Case Report | Open Access
A Case of Ameloblastic Fibroodontoma Extending Maxillary Sinus with Erupted Tooth: Is Transcanine Approach with Alveolectomy Feasible?
Ameloblastic fibroodontoma (AFO) is a rare entity of mixed odontogenic tumors and frequently arises from posterior portion of the maxilla or mandible in first two decades of life. Herein, a 35-year-old woman with a noncontributory medical history who presented with a progressive left maxillary toothache, left maxillary first molar tooth mobility, and swelling in the left maxillary molar area for the last 2 months was reported. Radiologically, a tumor that originated from periapical area of the second mature molar teeth of maxilla was seen and additively unerupted tooth was not detected. The histopathologic examination revealed AFO. The patient is disease-free for five years after treated with limited segmental alveolectomy combining with Caldwell-Luc procedure.
Ameloblastic fibroodontoma (AFO) is an uncommon mixed odontogenic tumor of odontogenic epithelium and mesenchyme origin [1, 2]. According to the latest World Health Organization (WHO) classification, AFO is a lesion resembling ameloblastic fibroma which also shows inductive alterations composed of both enamel and dentin . Typical features of AFO show a slow growth swelling from posterior portion of the maxilla or mandible generally in the first and rarely in the second decades of life. It is generally associated with unerupted teeth of the affected area. Radiological appearance shows a well-defined radiolucent border with radiopaque foci containing density similar to that of dental hard tissues [4, 5]. Conservative enucleation or curettage is enough for adequate treatment of AFO and radical surgical procedures such as segmental resection or hemimandibulectomy are infrequently needed [5, 6]. Here in, a case of AFO arising from the posterior portion of the maxilla of a middle-aged female was presented.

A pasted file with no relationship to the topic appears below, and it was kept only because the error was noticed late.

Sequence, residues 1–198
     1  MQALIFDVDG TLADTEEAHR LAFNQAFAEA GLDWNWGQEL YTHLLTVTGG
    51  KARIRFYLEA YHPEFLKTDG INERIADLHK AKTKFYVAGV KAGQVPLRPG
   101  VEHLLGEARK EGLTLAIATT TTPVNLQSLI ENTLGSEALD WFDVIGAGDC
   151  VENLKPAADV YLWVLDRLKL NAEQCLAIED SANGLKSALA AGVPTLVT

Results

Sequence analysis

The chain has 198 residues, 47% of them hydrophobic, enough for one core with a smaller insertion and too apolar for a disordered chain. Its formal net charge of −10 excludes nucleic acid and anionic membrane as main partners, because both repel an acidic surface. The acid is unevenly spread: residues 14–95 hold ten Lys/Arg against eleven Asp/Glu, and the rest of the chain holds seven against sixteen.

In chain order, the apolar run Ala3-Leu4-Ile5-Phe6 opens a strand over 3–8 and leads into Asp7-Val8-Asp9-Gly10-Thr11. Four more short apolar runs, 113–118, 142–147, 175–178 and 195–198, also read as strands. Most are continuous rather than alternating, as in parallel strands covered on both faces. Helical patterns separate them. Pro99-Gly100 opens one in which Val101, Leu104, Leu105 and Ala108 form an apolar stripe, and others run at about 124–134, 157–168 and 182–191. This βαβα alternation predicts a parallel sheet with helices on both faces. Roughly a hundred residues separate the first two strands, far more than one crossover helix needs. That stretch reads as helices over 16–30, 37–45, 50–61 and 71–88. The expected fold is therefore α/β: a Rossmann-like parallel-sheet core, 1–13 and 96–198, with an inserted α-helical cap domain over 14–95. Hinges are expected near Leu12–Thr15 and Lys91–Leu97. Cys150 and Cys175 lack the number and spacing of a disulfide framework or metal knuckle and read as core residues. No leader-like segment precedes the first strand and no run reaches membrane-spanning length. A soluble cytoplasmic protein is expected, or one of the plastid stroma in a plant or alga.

2. Case Report
A 35-year-old female presented with a 2-month history of progressive left maxillary toothache, left maxillary first molar tooth mobility, and swelling in the left maxillary molar area. There was no history of chronic nasal problems or odontogenic surgery. Swelling on the left side of the maxillary alveolar arch was revealed by intraoral inspection. The rest of the ENT examination was unremarkable. Preoperative oral panoramic radiograph (OPR) and computer tomography imaging (CTI) of the paranasal sinus revealed a radiolucent expansive lesion containing multiple radiopaque foci on the left side maxillary sinus (Figure 1). An incisional biopsy was performed through canine fossae approach. The histopathological examination revealed fibroblastic connective tissue matrix containing ameloblastic and odontogenic epithelial component was shown on the histopathological examination. After completion of diagnostic investigation, curative resection was approved. Under general anaesthesia with transnasal intubation, five-centimetre mucosal incision was made in the gingivolabial sulcus, extending from the canine tooth to the first molar tooth. Soft tissue and periosteum were elevated and four-centimetre diameter fenestration was made on the anterior wall of the maxillary sinus. Thereafter, tumor was dissected quite easily from the anterior, medial, and superior walls of the sinus. Posterior dissection was hardly performed because of bleeding. Next, all of the three molar teeth of maxilla were extracted and tumor resection was completed combining with limited segmental alveolectomy. Tumor originated from the second molar teeth of maxilla and progressed into maxillary sinus was detected when the specimen was examined. At the final stage, mucosal incisions were then closed using absorbable sutures. Postoperative healing was uneventful. Definitive pathology report was similar to the previously examined and tumor was diagnosed as AFO (Figure 2). The patient remains clinical and radiological disease-free up till a five-year follow-up period. Postoperative magnetic resonance imaging (MRI) revealed mucosal thickening in the maxillary without any evidence of tumor recurrence (Figure 3).